[coreboot] [RFC]Using gerrit for patch management (and jenkins for QA)

Patrick Georgi patrick at georgi-clan.de
Wed Jun 1 10:40:52 CEST 2011

Am 01.06.2011 05:02, schrieb Peter Stuge:
> Patrick Georgi wrote:
>> I'm officially sick and tired of patchwork. Or from losing patches
>> to the mailing list.
> Hear hear!
Mail is for spam-delivery, an ancient tool from a distant past ;-)

No, seriously - we have 100+ unhandled patches on patchwork, many of
them iterations on a single topic that must be cleaned up manually
(because the scripts can't).

If patches bitrot in gerrit, at least they're already build tested, and
iterations are grouped together automatically.
Which means less work for the poor soul trying to clean up.

>> Enter gerrit: A web tool to push git commits to, have them reviewed,
>> with proper handling of updated patches. Automatic support for
>> dependencies between commits (by default it assumes that ancestry means
>> dependency). An automated gatekeeper to the repository.
> Sounds even better! Does updated patches mean rebase?
rebase, modifications, ... essentially, it's possible to track a single
issue and its patches at a single location.

> So far there has been no way at all to push git commits to the main
> repo and I really like the look of this setup so if we want to start
> getting commits also via git then I think it makes perfect sense.
It's a special workflow, but for git there doesn't seem to be a default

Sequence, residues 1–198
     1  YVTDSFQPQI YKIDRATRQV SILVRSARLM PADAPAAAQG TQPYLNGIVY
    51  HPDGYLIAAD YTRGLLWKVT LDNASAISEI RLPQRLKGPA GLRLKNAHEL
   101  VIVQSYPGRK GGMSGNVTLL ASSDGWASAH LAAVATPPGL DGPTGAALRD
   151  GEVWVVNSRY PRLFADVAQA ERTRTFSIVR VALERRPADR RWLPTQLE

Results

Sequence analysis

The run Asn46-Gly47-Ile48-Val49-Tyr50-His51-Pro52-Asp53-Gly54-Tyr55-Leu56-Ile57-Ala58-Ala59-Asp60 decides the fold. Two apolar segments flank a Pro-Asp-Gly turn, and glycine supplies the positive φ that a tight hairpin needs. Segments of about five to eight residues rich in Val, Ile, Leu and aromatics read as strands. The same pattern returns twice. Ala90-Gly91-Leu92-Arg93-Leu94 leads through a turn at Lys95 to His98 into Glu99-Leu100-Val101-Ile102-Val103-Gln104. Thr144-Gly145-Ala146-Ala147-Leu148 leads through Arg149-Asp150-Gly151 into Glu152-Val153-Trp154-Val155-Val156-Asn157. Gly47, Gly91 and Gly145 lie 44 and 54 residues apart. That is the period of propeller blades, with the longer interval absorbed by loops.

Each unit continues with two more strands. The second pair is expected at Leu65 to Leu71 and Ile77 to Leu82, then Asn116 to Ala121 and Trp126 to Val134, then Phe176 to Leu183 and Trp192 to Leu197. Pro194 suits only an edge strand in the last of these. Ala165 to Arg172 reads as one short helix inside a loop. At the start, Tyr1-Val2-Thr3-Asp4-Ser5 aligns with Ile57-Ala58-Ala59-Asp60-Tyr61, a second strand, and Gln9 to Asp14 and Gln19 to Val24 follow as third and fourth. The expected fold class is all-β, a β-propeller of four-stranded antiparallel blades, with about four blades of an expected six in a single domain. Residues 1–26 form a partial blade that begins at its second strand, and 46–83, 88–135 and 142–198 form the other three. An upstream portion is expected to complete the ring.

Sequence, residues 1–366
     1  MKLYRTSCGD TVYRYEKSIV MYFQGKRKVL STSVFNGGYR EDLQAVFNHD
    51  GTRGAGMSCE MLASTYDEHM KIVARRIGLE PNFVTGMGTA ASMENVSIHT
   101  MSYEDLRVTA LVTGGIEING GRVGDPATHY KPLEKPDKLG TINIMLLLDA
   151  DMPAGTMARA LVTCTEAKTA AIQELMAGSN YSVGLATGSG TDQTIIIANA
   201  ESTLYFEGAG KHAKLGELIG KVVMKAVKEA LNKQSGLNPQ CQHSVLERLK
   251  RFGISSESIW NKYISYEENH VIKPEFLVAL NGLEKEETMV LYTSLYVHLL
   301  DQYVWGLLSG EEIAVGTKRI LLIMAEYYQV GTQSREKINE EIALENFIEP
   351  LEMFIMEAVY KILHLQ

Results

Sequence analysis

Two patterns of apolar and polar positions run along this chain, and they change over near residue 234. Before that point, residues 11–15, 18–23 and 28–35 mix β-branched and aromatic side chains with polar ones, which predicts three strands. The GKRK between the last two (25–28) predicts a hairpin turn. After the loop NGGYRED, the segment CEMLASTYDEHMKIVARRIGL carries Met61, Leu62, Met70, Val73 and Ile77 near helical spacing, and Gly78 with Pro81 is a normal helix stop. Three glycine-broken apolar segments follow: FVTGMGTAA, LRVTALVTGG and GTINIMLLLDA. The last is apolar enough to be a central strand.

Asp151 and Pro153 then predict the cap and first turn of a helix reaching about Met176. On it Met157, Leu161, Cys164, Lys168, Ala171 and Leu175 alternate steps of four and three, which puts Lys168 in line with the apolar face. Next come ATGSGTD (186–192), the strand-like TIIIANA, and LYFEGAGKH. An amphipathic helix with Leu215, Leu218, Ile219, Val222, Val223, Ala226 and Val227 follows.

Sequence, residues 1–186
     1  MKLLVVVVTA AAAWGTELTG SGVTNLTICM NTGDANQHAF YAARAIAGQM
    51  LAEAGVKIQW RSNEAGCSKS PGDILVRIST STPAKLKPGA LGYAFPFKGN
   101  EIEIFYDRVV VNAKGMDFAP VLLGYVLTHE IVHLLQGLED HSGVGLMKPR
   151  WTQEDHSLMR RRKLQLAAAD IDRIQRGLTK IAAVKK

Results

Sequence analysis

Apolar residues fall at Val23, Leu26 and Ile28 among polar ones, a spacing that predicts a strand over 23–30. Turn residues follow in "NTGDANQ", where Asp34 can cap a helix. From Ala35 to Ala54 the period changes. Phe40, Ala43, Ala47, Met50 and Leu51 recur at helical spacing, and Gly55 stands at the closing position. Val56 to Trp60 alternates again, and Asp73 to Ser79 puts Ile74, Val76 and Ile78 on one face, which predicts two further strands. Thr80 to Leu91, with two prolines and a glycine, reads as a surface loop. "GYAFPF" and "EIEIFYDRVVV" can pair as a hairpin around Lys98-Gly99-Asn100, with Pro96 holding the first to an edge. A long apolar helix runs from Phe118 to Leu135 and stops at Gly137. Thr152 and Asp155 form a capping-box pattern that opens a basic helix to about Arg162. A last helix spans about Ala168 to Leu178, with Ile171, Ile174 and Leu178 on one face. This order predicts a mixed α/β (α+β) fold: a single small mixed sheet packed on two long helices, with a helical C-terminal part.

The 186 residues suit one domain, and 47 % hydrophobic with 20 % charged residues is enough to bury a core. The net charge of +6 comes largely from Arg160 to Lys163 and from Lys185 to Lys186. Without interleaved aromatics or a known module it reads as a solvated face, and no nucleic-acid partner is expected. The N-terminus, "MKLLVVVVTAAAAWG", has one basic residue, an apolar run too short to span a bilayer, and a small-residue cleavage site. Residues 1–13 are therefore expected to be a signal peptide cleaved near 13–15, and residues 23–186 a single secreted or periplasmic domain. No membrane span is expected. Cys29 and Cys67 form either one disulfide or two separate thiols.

workflow anyway. Specifically, there's no way to push to master
directly. Instead:
- commits are pushed to gerrit (by normal "git push" and a
commit-message hook that adds a Change-Id entry)
- commits are build tested by jenkins automatically, which registers its
vote with gerrit
- commits are reviewed by other developers
- sufficient positive review count -> commits are pushed to mainline by

> Maybe the svn repo can (and should) stay primary repo a while longer
> still, but that would require a magic post-receive git hook to
> transplant received commits into the svn repo, which comes with lots
> of fun potential synchronization issues.
We'd need bidirectional bridging that doesn't always break...

> It may also be just as well to simply rip off the svn bandaid once
> and for all.
... so I'd prefer that.

> Some contributors may experience issues with firewalls when switching
> from svn to ssh, but meanwhile it would always be possible to send
> patches generated by git via email. (There is even a git send-email
> command that automates the process.)
People generally had a problem with accessing svn:// URLs already, so we
provided a http[s] read-only copy of the repo.
I guess we can do similar with a read-only git repo.


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